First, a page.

This case could be of interest in a climate where new orders are increasing with options often being requested for more ships to follow.
In April 2013 Teekay Tankers (“Teekay”) entered into an option agreement with STX Offshore & Shipbuilding (“STX”) for the construction and delivery of up to three lots of ships, at Teekay’s option. The options were to be exercised within set windows with the delivery date to be mutually agreed at the time of Teekay triggering the option. Further under the option agreement, STX was to use its “best efforts” to give delivery dates within 2016/2017 for respectively the first/second and third option.
Teekay attempted to exercise the first and second option but no delivery dates were ever mutually agreed nor any optional contracts concluded. Subsequently, Teekay sought compensation for the loss of profits, asserting that STX had repudiated or renounced the option agreement, entitling Teekay to terminate it. The case was heard before Mr Justice Walker in the Commercial Court in February 2017.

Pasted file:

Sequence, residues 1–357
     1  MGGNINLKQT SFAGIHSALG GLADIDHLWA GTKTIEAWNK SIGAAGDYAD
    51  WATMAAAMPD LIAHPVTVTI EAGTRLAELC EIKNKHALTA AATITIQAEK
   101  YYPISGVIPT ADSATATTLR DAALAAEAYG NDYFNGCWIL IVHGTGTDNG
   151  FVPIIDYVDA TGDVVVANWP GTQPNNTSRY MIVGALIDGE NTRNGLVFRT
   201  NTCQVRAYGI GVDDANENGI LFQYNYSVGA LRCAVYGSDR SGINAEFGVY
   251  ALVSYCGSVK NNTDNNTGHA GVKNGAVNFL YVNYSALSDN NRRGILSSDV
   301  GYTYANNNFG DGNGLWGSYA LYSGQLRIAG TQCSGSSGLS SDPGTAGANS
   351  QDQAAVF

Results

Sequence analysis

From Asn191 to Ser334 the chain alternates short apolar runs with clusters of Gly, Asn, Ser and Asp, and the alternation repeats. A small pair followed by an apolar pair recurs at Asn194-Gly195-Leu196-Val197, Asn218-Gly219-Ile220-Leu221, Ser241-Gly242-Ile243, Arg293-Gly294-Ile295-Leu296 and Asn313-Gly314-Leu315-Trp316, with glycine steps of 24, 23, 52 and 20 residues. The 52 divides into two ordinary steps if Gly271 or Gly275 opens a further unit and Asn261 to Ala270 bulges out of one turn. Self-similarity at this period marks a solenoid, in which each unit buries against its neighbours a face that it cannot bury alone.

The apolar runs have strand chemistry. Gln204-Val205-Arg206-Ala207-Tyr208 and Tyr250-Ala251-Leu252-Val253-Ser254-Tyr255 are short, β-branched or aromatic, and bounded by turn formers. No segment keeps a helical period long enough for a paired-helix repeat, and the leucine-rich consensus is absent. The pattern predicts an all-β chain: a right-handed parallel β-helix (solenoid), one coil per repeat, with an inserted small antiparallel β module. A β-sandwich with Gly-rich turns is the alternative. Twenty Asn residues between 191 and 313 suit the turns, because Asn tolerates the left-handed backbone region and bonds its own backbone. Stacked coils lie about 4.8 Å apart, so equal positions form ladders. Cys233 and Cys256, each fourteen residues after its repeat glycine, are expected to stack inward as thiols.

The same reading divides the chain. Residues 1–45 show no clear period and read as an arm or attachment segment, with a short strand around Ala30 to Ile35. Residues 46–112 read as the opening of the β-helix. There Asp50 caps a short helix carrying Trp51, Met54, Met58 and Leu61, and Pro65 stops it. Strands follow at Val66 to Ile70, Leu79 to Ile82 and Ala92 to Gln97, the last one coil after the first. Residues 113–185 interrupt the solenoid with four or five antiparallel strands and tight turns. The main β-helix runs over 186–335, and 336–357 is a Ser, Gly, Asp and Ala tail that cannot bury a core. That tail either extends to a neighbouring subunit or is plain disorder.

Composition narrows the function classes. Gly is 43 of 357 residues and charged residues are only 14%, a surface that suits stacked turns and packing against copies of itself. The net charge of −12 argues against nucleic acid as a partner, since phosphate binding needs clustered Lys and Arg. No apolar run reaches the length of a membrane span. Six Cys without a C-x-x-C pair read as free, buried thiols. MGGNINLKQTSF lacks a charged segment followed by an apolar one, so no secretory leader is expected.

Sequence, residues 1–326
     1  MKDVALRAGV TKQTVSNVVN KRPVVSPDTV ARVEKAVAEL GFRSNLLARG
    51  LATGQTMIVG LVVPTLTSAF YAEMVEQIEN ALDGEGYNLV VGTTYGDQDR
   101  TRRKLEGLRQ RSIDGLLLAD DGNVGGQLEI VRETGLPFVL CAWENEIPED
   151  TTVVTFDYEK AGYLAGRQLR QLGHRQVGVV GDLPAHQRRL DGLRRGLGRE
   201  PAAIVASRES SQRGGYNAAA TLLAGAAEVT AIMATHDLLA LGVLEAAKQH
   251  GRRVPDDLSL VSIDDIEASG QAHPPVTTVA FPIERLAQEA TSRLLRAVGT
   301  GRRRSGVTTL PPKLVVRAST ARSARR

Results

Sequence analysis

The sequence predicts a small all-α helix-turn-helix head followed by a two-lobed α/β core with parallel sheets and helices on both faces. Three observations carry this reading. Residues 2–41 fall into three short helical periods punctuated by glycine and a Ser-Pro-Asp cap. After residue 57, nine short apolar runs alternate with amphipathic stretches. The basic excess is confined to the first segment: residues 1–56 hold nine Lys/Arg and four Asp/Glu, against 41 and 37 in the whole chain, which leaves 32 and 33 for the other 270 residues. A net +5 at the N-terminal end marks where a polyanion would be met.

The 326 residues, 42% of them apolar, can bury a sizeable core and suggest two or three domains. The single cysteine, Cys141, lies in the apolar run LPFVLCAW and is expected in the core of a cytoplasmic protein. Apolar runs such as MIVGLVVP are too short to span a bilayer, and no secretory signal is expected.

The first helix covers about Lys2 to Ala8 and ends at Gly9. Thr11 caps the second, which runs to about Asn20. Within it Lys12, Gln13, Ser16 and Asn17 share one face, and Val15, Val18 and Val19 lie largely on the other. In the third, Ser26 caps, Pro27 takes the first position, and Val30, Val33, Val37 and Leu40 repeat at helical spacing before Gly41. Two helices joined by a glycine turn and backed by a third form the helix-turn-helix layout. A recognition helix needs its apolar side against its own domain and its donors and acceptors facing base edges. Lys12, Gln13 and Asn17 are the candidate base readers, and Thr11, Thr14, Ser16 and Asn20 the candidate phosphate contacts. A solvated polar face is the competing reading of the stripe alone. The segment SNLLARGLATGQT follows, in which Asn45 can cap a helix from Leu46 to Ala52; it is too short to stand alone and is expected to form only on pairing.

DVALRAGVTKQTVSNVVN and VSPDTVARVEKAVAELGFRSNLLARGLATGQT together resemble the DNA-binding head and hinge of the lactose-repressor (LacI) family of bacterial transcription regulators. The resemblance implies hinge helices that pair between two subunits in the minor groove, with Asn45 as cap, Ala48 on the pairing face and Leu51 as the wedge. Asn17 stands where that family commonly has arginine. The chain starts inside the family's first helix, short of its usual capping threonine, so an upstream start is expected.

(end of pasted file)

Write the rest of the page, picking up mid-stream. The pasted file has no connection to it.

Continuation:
The judge said that it was clear that both parties had intended the option agreement to be binding and enforceable. However, the commitment of STX to use “best efforts” to give delivery dates within 2016/2017 was at best aspirational. However, the term was simply too vague, since there was no way of establishing what criteria were to apply if Teekay gave notice to exercise the options and the parties could not agree dates.
This particular option agreement contained no arbitration clause. Obiter, the judge held that if there had been one, Teekay would have had an additional string to its bow. To ensure the effectiveness of enforcing options of this kind, it would seem good practice to insert a dispute resolution clause in the option agreement to the effect that an arbitration or third party decision will be binding in the absence of detailed arrangements in the contract.
The full citation of this case is Teekay Tankers Ltd v STX Offshore & Shipbuilding Co Ltd  EWHC 253 (Comm) (15 February 2017).
The moral of the story is when asking for an option, make sure that there is sufficient clarity about when the option is to be exercised and what the basic terms of the contract will be in terms of the price, delivery and main terms. At a minimum, the parties should always ensure that there is a dispute resolution clause in the option agreement so that if there is a dispute then they can refer the same to a panel of arbitrators.